Protecting the Seal of Confession

Participating in the sacrament of Confession can make people very nervous. The very idea of telling a priest their sins can keep people away from the sacrament for months or years. The Church understands that shame can keep us from reconciling with Christ, and that is why it takes the Seal of Confession so seriously.

The Seal of Confession forbids the priest from making known the sins he heard in Confession. If a priest does expose the sins of a penitent by word, sign, or any other matter, he is immediately excommunicated, and can only be brought back into communion with the Church by the pope himself.

This priest-penitent confidentiality privilege is not only upheld in canon law, but also in civil law. However, some governments are seeking to do away with the priest-penitent privilege, especially when it comes to criminal investigations. Fr. Dwight Longenecker stopped by The Drew Mariani Show™ to discuss the Seal of Confession, and the attacks it is facing around the world.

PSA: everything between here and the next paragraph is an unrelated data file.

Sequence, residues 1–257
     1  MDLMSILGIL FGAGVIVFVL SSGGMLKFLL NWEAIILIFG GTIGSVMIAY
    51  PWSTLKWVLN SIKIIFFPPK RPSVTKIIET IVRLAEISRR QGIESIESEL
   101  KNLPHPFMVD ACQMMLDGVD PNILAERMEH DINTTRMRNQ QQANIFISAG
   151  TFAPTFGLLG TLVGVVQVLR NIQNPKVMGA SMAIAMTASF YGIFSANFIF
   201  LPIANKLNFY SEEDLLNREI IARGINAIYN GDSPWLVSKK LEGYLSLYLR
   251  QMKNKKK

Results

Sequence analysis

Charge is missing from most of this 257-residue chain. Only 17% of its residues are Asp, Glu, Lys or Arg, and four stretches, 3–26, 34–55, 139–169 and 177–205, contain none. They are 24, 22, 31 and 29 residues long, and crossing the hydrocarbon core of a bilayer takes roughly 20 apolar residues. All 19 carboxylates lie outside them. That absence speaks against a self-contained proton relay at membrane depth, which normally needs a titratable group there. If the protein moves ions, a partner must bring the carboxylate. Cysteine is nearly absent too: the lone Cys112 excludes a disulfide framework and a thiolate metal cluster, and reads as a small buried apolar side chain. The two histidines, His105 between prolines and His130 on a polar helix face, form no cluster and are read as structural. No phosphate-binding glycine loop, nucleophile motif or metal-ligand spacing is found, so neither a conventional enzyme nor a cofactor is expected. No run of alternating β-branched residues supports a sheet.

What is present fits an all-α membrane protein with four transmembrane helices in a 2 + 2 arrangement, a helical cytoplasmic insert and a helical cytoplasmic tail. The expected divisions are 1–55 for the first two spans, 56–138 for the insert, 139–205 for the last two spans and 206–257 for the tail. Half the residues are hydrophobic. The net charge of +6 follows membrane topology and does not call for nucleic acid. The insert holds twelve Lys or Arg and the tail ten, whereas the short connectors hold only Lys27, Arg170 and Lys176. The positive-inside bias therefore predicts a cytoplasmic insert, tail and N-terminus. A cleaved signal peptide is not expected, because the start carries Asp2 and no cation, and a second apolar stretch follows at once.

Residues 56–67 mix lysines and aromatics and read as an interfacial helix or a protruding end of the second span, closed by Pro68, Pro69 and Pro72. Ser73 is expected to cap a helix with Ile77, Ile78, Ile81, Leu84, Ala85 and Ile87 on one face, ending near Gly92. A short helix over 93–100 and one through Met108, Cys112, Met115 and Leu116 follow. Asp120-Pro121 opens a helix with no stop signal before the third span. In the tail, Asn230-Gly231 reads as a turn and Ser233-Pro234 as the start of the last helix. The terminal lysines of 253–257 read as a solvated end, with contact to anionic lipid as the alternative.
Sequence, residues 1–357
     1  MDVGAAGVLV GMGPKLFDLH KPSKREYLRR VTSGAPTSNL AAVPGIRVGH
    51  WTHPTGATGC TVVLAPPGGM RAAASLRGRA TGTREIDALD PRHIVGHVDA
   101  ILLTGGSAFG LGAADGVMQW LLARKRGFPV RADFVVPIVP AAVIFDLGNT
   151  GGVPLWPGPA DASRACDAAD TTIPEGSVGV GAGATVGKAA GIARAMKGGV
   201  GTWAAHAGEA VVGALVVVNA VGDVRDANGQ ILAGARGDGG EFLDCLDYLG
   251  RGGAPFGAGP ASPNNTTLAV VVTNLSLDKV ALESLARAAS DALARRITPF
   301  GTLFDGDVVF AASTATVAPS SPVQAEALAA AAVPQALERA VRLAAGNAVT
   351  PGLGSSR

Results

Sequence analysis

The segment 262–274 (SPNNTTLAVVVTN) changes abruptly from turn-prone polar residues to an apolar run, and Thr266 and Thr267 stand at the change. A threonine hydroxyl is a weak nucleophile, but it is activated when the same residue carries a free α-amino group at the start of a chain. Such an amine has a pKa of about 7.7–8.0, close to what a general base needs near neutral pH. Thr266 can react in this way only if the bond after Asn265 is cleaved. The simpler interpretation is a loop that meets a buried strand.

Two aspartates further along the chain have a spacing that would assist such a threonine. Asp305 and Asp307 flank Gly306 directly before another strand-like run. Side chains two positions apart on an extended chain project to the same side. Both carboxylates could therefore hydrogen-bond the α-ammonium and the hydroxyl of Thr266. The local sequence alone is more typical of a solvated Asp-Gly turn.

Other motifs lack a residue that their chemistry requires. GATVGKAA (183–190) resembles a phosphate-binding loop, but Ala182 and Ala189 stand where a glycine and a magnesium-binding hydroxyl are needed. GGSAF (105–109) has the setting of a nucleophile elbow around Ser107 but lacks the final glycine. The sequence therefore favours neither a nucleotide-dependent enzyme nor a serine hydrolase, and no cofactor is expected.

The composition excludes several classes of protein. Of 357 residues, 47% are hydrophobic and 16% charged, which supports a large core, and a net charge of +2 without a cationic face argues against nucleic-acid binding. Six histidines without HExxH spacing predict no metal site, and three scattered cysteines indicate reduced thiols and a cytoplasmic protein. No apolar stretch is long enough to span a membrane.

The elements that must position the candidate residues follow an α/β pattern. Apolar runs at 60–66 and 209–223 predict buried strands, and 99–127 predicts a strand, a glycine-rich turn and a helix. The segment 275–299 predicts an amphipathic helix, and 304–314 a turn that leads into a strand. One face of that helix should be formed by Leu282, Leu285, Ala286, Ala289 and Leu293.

Fr. Dwight and Drew also take questions from listeners on the Seal of Confession, and how it applies in difficult cases.

Stephanie Foley serves as a Digital Media Producer at Relevant Radio®. She is a graduate of Franciscan University of Steubenville, where she studied journalism, and she has worked in Catholic radio for 12 years. Stephanie is a wife, a mother of three boys, and in her free time she enjoys reading, running, and really good coffee. You can find more of Stephanie’s writing at and on the free Relevant Radio mobile app.